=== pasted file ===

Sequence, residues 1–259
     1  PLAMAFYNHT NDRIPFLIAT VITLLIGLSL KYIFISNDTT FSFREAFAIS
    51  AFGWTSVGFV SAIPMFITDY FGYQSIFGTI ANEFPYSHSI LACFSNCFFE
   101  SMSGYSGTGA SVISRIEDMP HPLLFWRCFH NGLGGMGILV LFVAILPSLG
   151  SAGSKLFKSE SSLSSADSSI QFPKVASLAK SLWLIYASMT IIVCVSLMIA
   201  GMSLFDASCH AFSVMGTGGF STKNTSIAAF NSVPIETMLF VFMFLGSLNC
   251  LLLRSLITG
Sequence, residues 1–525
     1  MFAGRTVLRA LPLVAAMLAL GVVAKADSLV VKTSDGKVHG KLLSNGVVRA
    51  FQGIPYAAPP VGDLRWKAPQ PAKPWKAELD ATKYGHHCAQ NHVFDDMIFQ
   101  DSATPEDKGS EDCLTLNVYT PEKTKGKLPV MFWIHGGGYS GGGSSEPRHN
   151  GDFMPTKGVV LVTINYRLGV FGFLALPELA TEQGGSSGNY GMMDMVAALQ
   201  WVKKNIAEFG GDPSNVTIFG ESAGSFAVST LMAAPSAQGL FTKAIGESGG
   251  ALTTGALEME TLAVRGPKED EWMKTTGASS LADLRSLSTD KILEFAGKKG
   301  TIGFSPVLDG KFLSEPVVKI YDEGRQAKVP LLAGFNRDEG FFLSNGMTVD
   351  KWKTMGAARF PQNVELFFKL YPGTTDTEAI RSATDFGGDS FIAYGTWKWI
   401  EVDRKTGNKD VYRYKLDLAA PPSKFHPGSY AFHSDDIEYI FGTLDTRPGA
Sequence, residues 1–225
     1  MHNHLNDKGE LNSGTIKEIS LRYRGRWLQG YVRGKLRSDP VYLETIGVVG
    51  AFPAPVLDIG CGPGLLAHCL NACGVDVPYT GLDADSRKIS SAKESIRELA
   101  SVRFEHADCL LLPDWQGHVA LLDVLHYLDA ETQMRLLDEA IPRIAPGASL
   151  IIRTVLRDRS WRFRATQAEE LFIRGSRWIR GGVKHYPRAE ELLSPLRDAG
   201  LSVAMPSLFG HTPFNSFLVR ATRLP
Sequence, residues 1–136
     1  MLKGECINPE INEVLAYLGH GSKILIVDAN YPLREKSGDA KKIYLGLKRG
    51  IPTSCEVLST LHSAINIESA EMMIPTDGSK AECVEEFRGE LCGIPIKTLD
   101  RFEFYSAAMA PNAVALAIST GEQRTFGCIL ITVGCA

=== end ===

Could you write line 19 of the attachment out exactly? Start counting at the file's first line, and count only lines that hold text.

     1  MHNHLNDKGE LNSGTIKEIS LRYRGRWLQG YVRGKLRSDP VYLETIGVVG